The struggle to demonstrate their findings is real. Whether it's the manual process of copying and pasting visualisations into PowerPoint or wrestling with a BI tool, the inefficiency in showcasing their work remains a significant pain point. The key problem here is that the lack of impact is felt across the board on this one. We had a CDO say “I thought I hired coders, but all I have 'gotten' is screenshots of charts in a PPT”. Of course the content of that presentation was all built with code, however the organisation had not given the team an effective way to share, via data apps, or integrations with core systems. It's just not where any organisation needs to be today.
In the next section, we'll explore how these pain points extend beyond individual experiences and affect the broader landscape of data science teams and their perceived value within organisations.
The pain points identified in our interviews weren't isolated incidents. Leaders across organizations echoed a common sentiment: they weren't receiving the expected value from their data science teams. This sentiment reverberated through discussions with executives and managers who, time and time again, expressed dissatisfaction with the outcomes of their data science initiatives.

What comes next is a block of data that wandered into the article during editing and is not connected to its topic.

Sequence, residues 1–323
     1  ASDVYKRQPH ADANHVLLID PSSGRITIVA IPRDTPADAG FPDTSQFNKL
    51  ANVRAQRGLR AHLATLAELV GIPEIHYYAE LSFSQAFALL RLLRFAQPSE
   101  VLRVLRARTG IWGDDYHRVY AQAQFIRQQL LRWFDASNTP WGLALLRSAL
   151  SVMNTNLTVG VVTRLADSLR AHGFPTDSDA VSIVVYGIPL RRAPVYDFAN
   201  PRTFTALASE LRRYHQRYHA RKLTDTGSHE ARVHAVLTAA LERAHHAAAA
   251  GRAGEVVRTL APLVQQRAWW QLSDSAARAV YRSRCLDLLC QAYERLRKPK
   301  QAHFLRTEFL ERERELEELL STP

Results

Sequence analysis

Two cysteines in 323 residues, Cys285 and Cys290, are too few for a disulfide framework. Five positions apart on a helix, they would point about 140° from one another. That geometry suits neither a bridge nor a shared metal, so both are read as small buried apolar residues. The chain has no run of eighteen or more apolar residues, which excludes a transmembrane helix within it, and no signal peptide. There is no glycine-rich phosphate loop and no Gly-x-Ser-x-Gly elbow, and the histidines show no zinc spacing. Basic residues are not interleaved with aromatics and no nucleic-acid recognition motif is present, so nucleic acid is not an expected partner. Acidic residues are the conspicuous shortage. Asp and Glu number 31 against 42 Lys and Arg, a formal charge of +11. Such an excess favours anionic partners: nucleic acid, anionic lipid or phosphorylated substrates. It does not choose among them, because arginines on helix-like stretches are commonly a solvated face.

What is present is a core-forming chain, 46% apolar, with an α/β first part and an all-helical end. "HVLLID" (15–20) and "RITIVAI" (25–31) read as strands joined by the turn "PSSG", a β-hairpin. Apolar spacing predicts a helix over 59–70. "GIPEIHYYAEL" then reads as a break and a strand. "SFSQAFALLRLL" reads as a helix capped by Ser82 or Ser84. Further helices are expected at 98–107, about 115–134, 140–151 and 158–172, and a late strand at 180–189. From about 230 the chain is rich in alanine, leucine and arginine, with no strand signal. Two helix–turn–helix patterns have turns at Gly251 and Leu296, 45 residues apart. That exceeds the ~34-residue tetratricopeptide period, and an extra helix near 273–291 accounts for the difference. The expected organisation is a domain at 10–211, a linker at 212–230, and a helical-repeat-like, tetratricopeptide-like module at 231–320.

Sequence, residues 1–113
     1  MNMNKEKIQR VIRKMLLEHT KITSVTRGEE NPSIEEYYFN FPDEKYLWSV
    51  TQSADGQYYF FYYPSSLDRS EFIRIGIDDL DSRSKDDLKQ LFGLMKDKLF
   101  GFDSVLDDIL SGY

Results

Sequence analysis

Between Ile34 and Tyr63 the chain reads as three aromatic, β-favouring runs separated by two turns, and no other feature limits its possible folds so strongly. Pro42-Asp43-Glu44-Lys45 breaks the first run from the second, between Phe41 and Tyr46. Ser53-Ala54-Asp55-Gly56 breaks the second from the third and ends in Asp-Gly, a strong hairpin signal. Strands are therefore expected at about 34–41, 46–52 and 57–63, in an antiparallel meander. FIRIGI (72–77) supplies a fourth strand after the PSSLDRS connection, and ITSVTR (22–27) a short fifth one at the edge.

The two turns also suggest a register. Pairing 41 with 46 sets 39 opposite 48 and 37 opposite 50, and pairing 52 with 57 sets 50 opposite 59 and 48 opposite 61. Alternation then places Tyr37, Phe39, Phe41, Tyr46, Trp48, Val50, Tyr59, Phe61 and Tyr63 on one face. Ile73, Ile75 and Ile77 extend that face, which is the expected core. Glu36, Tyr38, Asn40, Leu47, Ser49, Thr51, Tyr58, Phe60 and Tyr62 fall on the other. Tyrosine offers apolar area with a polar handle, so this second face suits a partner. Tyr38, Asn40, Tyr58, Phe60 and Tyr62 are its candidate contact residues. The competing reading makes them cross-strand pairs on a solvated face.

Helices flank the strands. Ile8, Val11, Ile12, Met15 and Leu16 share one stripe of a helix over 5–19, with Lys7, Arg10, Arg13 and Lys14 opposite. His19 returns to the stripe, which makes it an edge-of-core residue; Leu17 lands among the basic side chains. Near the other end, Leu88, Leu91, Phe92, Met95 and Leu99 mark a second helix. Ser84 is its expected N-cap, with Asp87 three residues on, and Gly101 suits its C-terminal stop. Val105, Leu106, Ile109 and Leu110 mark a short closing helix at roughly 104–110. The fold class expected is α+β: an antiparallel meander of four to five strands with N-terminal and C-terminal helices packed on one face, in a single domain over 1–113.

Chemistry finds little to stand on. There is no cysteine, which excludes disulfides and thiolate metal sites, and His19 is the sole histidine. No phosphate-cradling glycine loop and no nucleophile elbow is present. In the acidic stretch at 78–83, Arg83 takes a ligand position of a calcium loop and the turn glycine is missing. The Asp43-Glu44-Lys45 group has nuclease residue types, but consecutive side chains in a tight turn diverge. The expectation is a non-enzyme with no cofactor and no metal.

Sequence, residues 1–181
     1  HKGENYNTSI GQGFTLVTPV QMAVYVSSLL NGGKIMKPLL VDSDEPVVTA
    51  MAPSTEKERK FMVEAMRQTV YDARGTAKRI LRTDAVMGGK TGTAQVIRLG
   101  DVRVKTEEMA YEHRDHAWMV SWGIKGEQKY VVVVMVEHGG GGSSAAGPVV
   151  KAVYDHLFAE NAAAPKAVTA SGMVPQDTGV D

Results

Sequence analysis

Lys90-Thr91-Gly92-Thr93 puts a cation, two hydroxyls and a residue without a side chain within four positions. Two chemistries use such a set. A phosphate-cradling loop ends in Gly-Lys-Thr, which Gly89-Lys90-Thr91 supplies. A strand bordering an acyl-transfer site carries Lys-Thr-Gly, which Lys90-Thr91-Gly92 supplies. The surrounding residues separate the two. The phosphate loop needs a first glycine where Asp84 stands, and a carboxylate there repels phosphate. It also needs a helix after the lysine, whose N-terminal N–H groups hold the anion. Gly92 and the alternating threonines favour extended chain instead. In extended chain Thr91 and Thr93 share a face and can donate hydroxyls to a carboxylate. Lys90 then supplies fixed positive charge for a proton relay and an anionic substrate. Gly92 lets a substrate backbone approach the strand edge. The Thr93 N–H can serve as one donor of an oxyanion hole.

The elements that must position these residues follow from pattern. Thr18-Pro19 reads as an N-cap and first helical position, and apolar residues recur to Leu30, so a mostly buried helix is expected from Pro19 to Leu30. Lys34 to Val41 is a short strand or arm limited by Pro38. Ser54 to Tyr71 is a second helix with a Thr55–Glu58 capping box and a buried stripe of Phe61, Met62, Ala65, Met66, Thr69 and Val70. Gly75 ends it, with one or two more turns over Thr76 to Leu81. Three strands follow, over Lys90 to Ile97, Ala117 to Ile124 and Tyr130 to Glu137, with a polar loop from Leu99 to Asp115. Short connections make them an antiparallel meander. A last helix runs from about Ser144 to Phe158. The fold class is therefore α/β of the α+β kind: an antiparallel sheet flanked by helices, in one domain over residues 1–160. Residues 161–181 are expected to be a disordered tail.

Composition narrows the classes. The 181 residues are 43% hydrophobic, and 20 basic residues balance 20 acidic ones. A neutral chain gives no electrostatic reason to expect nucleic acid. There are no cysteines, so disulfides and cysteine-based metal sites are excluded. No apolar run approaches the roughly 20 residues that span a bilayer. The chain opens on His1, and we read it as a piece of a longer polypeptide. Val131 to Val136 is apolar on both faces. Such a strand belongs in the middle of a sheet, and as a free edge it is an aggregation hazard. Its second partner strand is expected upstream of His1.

These leaders emphasized the gap between the immense talent within their data science teams and the tangible impact on business objectives. The disconnect was stark, with data scientists sometimes struggling to translate their high-level statistical work into solutions that could be efficiently integrated into existing workflows. This hit home really hard for the team at Zerve. The frustrations we felt coming back from the executive team was they had been misguided with their original hire, the data scientist. They were made to believe they originally hired something different to what they got, when in fact, the fault was organisational and there was not a road for delivering impactful results from the data scientist, and that’s why no impact was seen by the executive team.
Check out this post where we launch our solution in response to the information we received in the interviews above.
Published: January 30, 2024
Written by: Phily Hayes